Spring has arrived and the William& Mary landscape is especially captivating. When asked to describe William & Mary’s landscape, many students, faculty and even administrators use the words flat and swampy. To be sure, parts of campus are flat and some of the bottomland is swampy, but this landscape description is incomplete.
Grace (left) is grooving: ready to take that final step and start landsurfing down a steep pitch on campus (blue arrow points down slope). Bo (right) is bumming: no land surfing for her, as the slope she chose is not steep enough.
A measure of a landscape’s ‘flatness’ or ‘steepness’ is slope, a quantity that can be expressed in either degrees or percent (%). The % slope is simply the ratio of the vertical change to the horizontal change multiplied by 100 ([dV/dH] x 100). Slopes of <2%, are quite flat; whereas slopes of 30% are steep (try walking or cycling up a 30% slope and see what you think). To better appreciate the concept of landscape slope, Grace Dawson (’11) and Bo Mekavibul (’10) embarked on a campus landsurfing expedition. Landsurfing is a simple pastime; place a cafeteria tray on the Earth’s surface and step on, if the slope is steep enough the surfing gets fun and down you go.
Red cafeteria tray placed parallel to the Earth’s surface, arrow points down the slope. View of clinometer (thin yellow line) on a Brunton compass registering a ~30-degree (~55%) slope.
Using digital topographic data and a Geographic Information System (GIS), Professor Stuart Hamilton provided the data and we generated a slope map of campus and the surrounding area. The map below illustrates the slope of the terrain in Williamsburg; it is color-coded such that flattish areas are a neutral beige-green color, whereas the steep terrain is bright orange to magenta. Campus extends west from the triple junction of Richmond Road, Jamestown Road, and the Duke of Gloucester Street.
Flat areas occur as both uplands and bottomlands with relatively steep slopes on the intervening terrain. Steep slopes occur along valley walls (i.e. in the College Woods adjacent to small streams draining into Lake Matoaka). The steepest natural slope on W&M’s campus exceeds 70%. That is definitely not flat. A cross sectional view (X-X’) nicely illustrates the flattish bottomlands and uplands, separated by steeper valley walls.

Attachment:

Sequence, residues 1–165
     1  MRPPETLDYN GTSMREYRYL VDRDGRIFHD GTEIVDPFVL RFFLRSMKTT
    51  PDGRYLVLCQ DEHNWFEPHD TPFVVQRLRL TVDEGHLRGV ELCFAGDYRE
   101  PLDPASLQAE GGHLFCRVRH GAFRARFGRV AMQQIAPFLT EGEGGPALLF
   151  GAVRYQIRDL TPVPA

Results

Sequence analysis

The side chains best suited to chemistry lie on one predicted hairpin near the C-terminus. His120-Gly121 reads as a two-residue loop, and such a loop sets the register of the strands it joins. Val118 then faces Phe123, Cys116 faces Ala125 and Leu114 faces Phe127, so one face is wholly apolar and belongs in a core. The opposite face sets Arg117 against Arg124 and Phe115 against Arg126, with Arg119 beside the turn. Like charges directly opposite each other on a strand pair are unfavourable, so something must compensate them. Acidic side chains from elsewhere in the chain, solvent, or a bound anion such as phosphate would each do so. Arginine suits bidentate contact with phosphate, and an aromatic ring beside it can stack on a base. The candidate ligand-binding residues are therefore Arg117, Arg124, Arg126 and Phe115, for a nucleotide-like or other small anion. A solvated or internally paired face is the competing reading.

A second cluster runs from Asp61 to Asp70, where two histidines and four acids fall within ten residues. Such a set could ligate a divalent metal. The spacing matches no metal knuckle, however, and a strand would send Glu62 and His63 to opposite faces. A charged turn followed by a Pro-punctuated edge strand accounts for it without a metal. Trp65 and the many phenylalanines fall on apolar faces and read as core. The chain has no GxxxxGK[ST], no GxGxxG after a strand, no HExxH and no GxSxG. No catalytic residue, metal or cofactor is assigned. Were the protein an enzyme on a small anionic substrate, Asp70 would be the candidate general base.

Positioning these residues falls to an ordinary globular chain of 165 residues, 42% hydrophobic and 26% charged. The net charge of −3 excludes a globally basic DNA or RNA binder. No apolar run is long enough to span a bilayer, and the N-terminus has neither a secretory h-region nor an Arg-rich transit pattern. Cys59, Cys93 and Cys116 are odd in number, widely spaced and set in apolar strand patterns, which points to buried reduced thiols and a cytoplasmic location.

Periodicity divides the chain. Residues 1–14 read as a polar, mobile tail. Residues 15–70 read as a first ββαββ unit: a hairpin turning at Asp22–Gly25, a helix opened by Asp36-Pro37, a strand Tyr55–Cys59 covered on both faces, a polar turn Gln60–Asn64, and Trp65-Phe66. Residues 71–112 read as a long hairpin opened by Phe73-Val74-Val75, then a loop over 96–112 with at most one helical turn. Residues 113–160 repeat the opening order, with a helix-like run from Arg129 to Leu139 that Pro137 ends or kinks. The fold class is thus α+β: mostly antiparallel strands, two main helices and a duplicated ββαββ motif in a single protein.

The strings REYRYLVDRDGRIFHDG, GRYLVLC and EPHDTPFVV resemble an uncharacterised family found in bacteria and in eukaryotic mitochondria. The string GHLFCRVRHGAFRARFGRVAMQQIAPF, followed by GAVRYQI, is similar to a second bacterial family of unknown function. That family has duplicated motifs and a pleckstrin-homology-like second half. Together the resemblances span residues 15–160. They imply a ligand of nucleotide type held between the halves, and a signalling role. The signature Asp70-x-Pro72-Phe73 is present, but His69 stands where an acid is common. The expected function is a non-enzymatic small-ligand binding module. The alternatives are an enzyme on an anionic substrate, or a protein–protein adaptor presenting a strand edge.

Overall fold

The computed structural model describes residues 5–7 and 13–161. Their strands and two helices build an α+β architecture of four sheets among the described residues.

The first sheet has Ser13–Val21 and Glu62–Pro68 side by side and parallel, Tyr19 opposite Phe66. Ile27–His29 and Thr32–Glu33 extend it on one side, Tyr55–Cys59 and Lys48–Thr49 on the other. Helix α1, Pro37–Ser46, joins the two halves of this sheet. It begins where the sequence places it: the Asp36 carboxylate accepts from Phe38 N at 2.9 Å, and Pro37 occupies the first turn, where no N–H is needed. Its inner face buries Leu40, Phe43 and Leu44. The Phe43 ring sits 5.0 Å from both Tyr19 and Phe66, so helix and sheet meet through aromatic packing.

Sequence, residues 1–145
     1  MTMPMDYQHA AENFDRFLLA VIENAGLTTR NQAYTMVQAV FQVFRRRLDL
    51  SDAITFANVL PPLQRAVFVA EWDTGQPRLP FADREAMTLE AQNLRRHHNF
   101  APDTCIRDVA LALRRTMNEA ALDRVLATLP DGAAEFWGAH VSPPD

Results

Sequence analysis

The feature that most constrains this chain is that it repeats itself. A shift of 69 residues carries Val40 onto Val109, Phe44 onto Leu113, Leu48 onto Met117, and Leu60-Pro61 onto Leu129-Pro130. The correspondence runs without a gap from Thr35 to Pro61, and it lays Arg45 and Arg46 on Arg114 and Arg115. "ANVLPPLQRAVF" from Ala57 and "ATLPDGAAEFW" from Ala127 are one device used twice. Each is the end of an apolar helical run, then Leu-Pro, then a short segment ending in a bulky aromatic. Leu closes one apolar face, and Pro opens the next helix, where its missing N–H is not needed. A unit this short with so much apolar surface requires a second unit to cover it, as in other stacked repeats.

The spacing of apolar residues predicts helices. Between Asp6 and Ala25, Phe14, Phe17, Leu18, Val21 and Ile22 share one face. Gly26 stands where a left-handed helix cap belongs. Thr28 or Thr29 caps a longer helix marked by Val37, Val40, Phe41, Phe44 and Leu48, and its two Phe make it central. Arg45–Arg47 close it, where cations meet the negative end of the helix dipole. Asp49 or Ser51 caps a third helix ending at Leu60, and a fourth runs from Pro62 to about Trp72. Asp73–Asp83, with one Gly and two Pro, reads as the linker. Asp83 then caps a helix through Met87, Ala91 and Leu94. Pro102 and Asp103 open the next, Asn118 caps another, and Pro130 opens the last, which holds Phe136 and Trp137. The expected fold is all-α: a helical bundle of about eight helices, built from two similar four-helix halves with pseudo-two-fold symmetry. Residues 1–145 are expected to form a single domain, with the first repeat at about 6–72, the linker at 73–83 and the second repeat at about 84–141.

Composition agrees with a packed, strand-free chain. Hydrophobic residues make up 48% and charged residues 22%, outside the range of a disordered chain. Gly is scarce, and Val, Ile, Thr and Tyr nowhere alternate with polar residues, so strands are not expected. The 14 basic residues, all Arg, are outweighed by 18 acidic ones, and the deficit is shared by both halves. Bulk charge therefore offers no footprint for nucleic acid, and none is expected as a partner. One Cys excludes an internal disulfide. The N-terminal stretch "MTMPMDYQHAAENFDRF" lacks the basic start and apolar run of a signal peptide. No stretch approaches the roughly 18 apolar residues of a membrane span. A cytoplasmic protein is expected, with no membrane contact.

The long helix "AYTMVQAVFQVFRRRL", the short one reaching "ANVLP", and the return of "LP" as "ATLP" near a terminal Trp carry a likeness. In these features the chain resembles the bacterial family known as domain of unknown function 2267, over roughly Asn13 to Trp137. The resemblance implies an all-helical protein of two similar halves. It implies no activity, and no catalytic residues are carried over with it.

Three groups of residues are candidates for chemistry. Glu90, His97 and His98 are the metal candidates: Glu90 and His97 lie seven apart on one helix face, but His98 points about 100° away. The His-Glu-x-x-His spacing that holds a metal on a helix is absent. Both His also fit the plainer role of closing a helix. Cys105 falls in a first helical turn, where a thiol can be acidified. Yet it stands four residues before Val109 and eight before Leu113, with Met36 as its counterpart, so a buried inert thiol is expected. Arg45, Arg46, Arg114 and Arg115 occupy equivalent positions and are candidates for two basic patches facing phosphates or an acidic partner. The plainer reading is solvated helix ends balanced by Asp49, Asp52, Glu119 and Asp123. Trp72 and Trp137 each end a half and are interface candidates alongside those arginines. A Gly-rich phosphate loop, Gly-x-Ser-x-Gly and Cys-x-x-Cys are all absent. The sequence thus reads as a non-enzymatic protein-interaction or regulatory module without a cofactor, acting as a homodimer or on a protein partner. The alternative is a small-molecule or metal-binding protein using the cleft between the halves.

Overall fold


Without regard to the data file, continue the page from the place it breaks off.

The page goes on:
Why are some parts of the landscape flat? Why are other locations steep? What processes control the slope of a landscape? Questions, questions, and more questions. For what it’s worth professors are commonly better at asking questions than dishing up answers.
Cross sectional view of the Williamsburg landscape. The upland and bottomland are flat whereas the intervening slope is steep. The topographic section is vertically exaggerated by a factor of 5.
Eastern Virginia is underlain by a sequence of sediments deposited in and along the margin of the Atlantic Ocean over the past few million years. During low stands of sea level, the flattish sea bottom becomes an emergent land surface. In essence, today’s flat uplands are the vestige of an ancient sea floor. Above sea level, the rain that falls on the landscape runs off into stream channels that drain to the James and York River estuaries. Over time, water flowing in these channels erodes sediment and progressively dissects the upland. As the streams approach sea level their slope decreases and sediment eroded from the uplands is deposited creating a broad floodplain with marshes at the lowest elevations. The steep slopes on valley walls are very active parts of the landscape; here the tug of gravity causes soil to creep downwards over time. The physical properties of the soil and underlying sediment set the upper limit to a slope’s steepness; if a slope exceeds the cohesive strength of the underlying material it will slump or slide downwards thereby lowering the overall slope (just as a pile of dry sand can only become so steep before the grains tumble, expanding the pile outward and consequently lowering the slope).
For those who crave a pancake flat landscape try the High Plains near Midland, Texas or head further west to the expansive Central Valley of California. Williamsburg’s landscape is subtle, but by no means flat- a lovely testament to the dynamic interactions of stream and slope processes. Next time you stroll across campus have a look about and see for yourself.